Hooks you can trust

Hooks you can trust

What's the lowest common denominator that all of us line fishers share in doing what we love? What is the one piece of kit we all have in the arsenal?

Somewhere in the shed or in the rod rack, we’ve probably all got a carbon fibre rod, but it is also likely that there’s a fibreglass rod somewhere. Maybe we all have a threadline reel, but then we might also have an overhead. We might have some wire trace, or swivels, sinkers and lures. However, none of those would be 100 per cent guaranteed to be in the kit of every single fisho in the WAngler readership.

About the only guaranteed common denominator is that each and every one of us has to use a hook or hooks in order to catch the fish we chase. Be it attached to a lure of some sort, buried within the fibres of a fly, or more commonly inserted into a piece of bait, I can’t readily think of a line fishing niche where a hook wouldn’t form part of the complete picture. Even the purest form of line fishing, the unweighted handline, still requires a hook and this humble method still catches plenty of fish without any rods, reels, lures, swivels or sinkers. Just a hook on the end of the line.

The humble hook is usually basic, but is also very important. There are lots of different styles and we all have our favourites, but most will catch fish at some time or another.

I’ve had a couple of eye-opening experiences just recently involving the humble hook that are worth sharing.

The first of these was with ganged hooks – two or more hooks linked gape through eye to form a chain of hooks. Without question one of the absolute best (certainly not the only) ways to present whole fish baits to predatory fish like tailor, salmon, mackerel, skippy, etc. Nothing covers the length of a whole longish fish bait nor provides more fish-holding hook points and barbs than does a group of three or so hooks threaded along the length of a mulie, gardie, whitebait, sardine or mullet. Ganged hooks rule in that scenario.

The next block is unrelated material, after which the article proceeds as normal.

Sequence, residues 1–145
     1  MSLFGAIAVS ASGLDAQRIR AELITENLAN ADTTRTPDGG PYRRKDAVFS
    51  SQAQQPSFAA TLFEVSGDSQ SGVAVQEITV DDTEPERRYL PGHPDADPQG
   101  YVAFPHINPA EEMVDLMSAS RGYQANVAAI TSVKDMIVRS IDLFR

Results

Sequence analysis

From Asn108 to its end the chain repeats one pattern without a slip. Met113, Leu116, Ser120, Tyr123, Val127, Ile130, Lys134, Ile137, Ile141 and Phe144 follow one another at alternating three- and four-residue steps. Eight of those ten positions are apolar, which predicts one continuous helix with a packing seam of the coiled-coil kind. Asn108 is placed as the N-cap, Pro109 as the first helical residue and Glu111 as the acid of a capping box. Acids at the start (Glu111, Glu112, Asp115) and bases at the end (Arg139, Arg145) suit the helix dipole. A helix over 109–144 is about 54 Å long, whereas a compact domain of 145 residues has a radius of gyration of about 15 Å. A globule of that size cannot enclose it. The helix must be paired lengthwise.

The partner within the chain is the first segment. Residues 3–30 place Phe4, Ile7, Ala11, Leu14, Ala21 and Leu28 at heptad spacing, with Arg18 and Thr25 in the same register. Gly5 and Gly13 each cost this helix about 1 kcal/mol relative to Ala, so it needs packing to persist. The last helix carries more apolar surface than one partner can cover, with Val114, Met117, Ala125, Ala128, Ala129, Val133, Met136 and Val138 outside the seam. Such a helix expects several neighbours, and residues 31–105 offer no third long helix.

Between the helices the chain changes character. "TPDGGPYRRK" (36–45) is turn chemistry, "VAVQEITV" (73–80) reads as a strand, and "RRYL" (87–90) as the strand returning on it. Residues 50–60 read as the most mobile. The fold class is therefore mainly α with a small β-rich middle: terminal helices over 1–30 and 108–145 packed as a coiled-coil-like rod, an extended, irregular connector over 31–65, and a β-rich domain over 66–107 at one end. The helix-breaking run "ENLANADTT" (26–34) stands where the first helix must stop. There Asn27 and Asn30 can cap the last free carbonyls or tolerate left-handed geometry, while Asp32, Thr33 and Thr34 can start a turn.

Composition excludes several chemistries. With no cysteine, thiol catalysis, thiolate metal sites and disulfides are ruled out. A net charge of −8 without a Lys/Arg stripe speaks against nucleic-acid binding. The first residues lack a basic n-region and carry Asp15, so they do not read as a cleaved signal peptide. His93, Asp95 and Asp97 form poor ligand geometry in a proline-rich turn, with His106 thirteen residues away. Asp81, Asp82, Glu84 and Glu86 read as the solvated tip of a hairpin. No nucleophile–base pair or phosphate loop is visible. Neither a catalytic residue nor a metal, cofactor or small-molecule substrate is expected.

I’ve been happy to extol the virtues of VMC O’Shaughnessy 9255PS 5/0 hooks for many years as being my hook of choice to make gangs for anything which will eat a whole mulie and I’ve taken to using them in 8/0s to rig gardies for spaniards too. With their slightly longish shank, forged gape and sharp points, this style of hook gives excellent bait coverage and they’re super strong and flamin’ sharp. However, recently I have fallen out of love with the 5/0 although the 8/0 is still great.

Something has changed at the VMC factory and increasingly these hooks have been failing us. When ganged, the hooks are failing to lock into the eye of one they’re ganged to which sees the gangs coming apart, usually during a hookup, and they have been snapping midway in the curve. Now, I have been making up gangs from hooks of various brands for near five decades and I know how to gang hooks – to suffer so many failures is not me! I’d stuck with the VMCs hoping it was just a bad batch, but the last straw came recently. I set up to gang up a box of 25 hooks for another salmon session and each and every gang failed on the bench before any even hit the water. Not one or two hooks, but every set!

I quizzed Phil Gee at Compleat Angler Rockingham for a replacement ganging hook. Phil was full of good words for the Konan O’Shaughnessy range; they’re from the River2Sea Shogun stable. I use a fair bit of its lure range and the Shogun terminal tackle products so I’m pretty confident these Konan hooks come from good bloodstock. From the outset they’ve got a few points in their favour, being an O’Shaughnessy style they’ve got that inherent strength and length, they’re chemically sharpened, and are packaged in closed and open-eye variants to make ganging even easier. These hooks cost a bit more than the VMCs, but I figure less wasted hooks means we’re about even. At the time of writing we were about to head off to Bluff Creek Beach for some shore action and I was hopeful we’d have a positive report card from that trip for our new Konan 5/0s.

My next awakening came during a red-hot session out from Denham. We had five of us on my boat and we’d anchored just off some beautiful coral outcrops in pure white sand surrounded by seagrass a few miles out from town. We had the sole intent of wafting unweighted baits on single hooks back to the coral. From when the first bait hit the water until we called quits about four hours later it was non-stop action. It was a real red-hot session of pinkies, blacks, blue-spot, flag, and a myriad of other types of fish which did not want to miss a bait.